Tis good form to not strap on a seat pack while in the plane...I know it's a lot easier, but muscle memory in times of stress can (it has happened) lend to unintentional release of the harness system on emergency egress; put simply, if you are used to getting out with a seat pack on, you'll leave the plane with it on during a stressful bailout.


I don't have a cat in hells chance of using a much desired back pack, even if I was skinny...one's face is already in the instrument panel, so seat pack and a clunky climb-in is my only option.


You know I've heard this also, but haven't ever read of a case where it happened. I know for the National 425 seat pack I use, you'd have to be very intent on getting out of the parachute thinking you were unstrapping from the airplane.....the buckles are just too dissimilar.


Best regards,


Brad
 

Beej

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Brad, it is more about muscle memory and the brain going into auto mode when stressed...a conscious decision of 'that buckle is red and the other is blue' may not come into play. This is covered by Allen Silver in his writings.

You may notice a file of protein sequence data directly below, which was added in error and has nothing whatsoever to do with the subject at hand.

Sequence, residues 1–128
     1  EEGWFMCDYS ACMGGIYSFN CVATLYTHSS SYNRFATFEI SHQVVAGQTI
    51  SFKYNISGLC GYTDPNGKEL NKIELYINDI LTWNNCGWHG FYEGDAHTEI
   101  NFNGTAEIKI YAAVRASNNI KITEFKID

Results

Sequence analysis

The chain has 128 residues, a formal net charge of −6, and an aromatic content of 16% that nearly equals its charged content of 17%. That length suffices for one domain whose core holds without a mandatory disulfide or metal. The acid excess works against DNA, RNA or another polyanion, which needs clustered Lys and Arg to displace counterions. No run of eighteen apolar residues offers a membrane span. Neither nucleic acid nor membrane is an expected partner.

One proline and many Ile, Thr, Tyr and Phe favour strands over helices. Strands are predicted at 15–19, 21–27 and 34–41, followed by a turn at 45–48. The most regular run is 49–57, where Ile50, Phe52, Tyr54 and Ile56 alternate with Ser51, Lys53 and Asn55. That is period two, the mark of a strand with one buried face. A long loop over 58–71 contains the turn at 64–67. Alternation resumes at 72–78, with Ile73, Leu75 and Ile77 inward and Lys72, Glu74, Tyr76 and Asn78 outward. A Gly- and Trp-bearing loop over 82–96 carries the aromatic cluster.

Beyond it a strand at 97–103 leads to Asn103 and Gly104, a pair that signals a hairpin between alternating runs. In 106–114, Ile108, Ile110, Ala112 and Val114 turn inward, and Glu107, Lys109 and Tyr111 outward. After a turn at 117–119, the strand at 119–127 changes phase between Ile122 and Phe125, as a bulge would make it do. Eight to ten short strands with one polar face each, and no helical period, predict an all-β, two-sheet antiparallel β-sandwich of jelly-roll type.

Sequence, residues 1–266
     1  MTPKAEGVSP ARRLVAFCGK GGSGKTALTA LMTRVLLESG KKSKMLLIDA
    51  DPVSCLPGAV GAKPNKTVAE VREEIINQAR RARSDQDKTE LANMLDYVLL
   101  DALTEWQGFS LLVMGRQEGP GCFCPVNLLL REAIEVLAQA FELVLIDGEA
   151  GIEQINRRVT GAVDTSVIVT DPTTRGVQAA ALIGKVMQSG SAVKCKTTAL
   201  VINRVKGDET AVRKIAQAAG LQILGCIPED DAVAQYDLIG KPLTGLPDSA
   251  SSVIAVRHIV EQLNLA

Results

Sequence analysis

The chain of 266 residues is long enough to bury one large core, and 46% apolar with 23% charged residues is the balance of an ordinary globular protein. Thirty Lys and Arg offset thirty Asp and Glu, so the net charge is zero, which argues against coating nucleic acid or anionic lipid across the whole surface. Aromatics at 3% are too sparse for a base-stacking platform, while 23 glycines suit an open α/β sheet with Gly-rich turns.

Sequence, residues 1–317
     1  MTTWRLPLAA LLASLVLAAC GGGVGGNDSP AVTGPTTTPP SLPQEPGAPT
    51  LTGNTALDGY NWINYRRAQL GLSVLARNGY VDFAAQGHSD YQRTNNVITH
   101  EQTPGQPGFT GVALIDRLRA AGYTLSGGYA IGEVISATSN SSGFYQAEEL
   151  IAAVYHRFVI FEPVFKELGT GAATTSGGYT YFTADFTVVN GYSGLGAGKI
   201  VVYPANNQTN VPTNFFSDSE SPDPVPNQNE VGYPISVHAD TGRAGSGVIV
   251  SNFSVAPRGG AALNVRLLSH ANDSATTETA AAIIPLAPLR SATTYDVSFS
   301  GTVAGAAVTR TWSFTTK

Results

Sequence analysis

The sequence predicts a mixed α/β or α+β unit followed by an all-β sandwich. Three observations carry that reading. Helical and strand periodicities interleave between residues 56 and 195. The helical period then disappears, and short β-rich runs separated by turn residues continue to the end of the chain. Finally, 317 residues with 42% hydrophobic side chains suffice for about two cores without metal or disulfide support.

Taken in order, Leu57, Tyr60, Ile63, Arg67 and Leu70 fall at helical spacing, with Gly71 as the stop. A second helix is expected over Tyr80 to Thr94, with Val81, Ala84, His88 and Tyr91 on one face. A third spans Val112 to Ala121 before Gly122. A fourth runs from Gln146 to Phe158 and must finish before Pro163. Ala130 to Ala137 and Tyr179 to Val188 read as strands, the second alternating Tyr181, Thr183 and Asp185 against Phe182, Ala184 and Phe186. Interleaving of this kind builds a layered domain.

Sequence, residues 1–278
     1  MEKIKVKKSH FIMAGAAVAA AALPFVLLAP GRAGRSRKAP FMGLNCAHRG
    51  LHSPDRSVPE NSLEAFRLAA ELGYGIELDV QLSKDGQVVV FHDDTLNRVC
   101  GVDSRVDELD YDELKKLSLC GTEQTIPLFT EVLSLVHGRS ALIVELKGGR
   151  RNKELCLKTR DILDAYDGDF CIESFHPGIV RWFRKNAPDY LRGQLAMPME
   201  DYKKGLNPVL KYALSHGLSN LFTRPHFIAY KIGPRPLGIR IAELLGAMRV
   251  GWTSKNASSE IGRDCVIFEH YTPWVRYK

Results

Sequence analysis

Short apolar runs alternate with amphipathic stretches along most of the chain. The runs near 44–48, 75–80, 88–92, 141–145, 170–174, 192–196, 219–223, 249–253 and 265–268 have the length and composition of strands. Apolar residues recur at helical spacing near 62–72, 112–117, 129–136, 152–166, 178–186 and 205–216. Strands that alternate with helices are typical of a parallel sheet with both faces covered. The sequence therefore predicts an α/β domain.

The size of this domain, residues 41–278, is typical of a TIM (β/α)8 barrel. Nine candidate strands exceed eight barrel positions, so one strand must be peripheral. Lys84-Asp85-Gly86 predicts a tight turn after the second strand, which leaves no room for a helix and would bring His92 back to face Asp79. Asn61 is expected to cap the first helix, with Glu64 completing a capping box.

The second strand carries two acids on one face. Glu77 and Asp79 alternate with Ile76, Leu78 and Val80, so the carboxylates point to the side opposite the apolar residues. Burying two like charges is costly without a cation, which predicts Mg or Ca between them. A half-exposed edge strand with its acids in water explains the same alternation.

I cannot directly reference an example, but some vague details I recall for one, were that the pilot partially released the harness, jumped, tried to hang on, and the harness left his body taking an arm with it. Perhaps some of you veteran guys know of more details on this...
 

rmarshall234

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Tis good form to not strap on a seat pack while in the plane





Yes indeed.
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And it is, all about muscle memory. In my dozen or so years of preparing students for their “first jump out of a perfectly good airplane” I relied heavily upon this (proven) point. And, saw the results played out time and time again - both in a positive and a negative way. In an extremely stressful situation most people are only able to focus on one (or maybe two) things at a time. So in this case, the body best be doing what it has <I style="mso-bidi-font-style: normal">recently[/I] been prepared to do. “Get in the door”….”ready, set, go”… arch! If I could get students to concentrate on each task individually and the muscle memory was in place, all was (usually) good. And when it came to emergency procedures (when they were entirely on their own) the same thing applied. “Look red, grab red, look silver”, etc.”